Headaches happen for myriad reasons: dehydration, eyestrain, drinking a wee bit much the previous night, and exercising. Yes, exercise too, and they’re just as annoying as any other headache. Here’s the difference between exercise headaches and regular head pains, and how you can best treat or avoid them.
A barely bruised brain can send out molecular SOS signals in the blood for days after an injury, researchers report this week in JAMA Neurology.
The finding suggests that new blood tests, already in development to detect those signals, may be able to identify even the mildest concussions well after a knock to the head.
Concussions are a clinical diagnosis, and not determined by imaging such as a CT scan of the brain. Most people who have a concussion have a normal CT. From reading the abstract, it appears that the CT was performed to rule out an intracranial lesion (such as a subdural hematoma) which is a related but different issue from a concussion. The utility of the blood test would be to detect evidence of a recent concussive event without the need to perform neurologic testing.
This is an interesting assessment of the news: http://www.healthnewsreview.org/review/new-blood-test-detect-concussions/
Warfarin/Coumadin = Concussion?
Being on warfarin/coumadin does not make us at more risk for concussions – it increases the risk for intracranial bleeding, most often [when it happens] is a subdural hematoma (SDH). Patients with even mild head injuries who are on warfarin/coumadin who come to the emergency department almost always receive a CT scan to check for a SDH. Some recommendations even say that they should all received a second CT in 12-24 hours to check for any delayed bleeding. But this is entirely different than a concussion.
There is a chance that this would help reduce the number of CTs though. The article indicates that the blood tests are elevated in people with SDH as well as other intracranial bleeding types. Therefore it may be possible to derive a guideline that if a patient on warfarin/coumadin with a head injury has a negative blood test, then a scan wouldn’t be necessary. That would definitely be helpful.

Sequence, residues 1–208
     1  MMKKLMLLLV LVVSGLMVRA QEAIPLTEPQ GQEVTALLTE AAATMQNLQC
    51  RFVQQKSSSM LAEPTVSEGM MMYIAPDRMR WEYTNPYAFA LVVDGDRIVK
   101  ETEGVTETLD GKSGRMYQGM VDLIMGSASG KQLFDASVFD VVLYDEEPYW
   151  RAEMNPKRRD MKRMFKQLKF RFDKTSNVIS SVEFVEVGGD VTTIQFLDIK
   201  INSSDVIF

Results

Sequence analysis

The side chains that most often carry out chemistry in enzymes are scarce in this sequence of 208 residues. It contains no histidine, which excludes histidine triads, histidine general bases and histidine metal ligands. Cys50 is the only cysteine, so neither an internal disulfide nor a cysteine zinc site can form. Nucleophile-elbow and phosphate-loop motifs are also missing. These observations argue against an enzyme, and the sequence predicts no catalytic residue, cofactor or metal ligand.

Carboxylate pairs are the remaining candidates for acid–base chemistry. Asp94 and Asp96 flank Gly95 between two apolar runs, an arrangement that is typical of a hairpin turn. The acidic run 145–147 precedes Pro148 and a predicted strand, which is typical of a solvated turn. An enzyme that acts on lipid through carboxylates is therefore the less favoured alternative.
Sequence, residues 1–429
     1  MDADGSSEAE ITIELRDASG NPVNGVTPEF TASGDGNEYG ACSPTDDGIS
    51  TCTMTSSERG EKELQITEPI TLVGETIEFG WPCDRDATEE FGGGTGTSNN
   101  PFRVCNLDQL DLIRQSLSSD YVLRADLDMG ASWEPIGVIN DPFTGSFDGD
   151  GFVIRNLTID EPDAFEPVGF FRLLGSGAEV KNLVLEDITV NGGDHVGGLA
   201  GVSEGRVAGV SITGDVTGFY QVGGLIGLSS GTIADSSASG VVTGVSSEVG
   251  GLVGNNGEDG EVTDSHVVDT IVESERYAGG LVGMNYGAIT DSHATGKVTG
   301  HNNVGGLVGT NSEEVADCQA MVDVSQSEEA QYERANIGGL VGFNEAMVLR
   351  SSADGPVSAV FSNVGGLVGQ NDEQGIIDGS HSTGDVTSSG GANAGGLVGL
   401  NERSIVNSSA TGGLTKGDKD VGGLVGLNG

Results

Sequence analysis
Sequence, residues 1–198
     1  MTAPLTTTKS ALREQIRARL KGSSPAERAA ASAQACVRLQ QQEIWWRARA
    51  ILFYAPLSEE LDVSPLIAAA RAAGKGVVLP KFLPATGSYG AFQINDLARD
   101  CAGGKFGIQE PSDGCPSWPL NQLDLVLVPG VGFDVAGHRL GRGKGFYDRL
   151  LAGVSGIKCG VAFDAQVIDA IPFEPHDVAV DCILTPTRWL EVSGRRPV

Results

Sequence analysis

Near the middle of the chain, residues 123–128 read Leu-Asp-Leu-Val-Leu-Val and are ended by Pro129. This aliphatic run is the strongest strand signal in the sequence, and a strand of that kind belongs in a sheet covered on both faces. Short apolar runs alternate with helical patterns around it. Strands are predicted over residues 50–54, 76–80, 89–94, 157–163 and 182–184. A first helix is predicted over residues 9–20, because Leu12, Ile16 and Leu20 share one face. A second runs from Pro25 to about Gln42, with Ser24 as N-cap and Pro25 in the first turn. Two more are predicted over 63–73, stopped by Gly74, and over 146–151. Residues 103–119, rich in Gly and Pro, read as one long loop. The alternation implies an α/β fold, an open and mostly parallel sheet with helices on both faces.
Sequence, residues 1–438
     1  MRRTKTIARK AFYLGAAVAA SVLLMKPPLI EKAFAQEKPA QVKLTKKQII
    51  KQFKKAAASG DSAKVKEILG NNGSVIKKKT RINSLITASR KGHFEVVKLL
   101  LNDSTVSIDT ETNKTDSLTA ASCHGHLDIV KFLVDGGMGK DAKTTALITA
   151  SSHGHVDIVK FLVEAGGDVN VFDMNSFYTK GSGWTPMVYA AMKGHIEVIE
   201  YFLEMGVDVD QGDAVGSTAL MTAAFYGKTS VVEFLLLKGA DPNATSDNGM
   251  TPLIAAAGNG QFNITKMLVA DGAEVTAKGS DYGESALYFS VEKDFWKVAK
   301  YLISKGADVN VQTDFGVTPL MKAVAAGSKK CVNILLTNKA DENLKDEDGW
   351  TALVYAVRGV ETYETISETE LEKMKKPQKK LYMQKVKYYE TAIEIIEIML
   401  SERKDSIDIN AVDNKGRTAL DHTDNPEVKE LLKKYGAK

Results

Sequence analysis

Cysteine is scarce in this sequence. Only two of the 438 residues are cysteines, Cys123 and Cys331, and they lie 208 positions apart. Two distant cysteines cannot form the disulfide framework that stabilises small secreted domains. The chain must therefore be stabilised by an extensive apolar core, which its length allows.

Concussions aren’t just for NFL players. They can happen while playing in a weekend sports league or even from an unlucky slip and fall. If you know how to spot a concussion and where to find good treatment, you can avoid the risk of further injury.
I’d check the recovery plan with a actual medical professionals. There’s a big risk that sleeping or loosing consciousness can lead to death from a concussion, so it’s best to be monitored by someone for the first 24 hours or so.
I remember first seeing the signs of a concussion in a high school rugby player. They kept repeating the same questions, over and over, while still participating in the game. Only the coach seemed to know what was going on, called the player off and as I understand – the guy never played rugby ever again. I don’t know that the referee knew what was happening.
Breakthrough therapies are helping athletes recover from injuries previously thought untreatable. But many doctors remain unaware of the advancements.
…For decades, doctors have told concussed athletes like Fraser to rest, avoid bright lights, and limit activity. Having had one concussion places you at greater risk for another, they thought. But emerging science says that’s bunk: You can recover from a concussion, with active treatments that re-condition the injured parts of your brain.
New research is finding that people with long-standing symptoms recover faster when they get to practice certain tasks, training their brains to recover the function that was lost.
Tip: If you suffer a concussion, have an optician check your retina. A concussion can cause tears in the retina.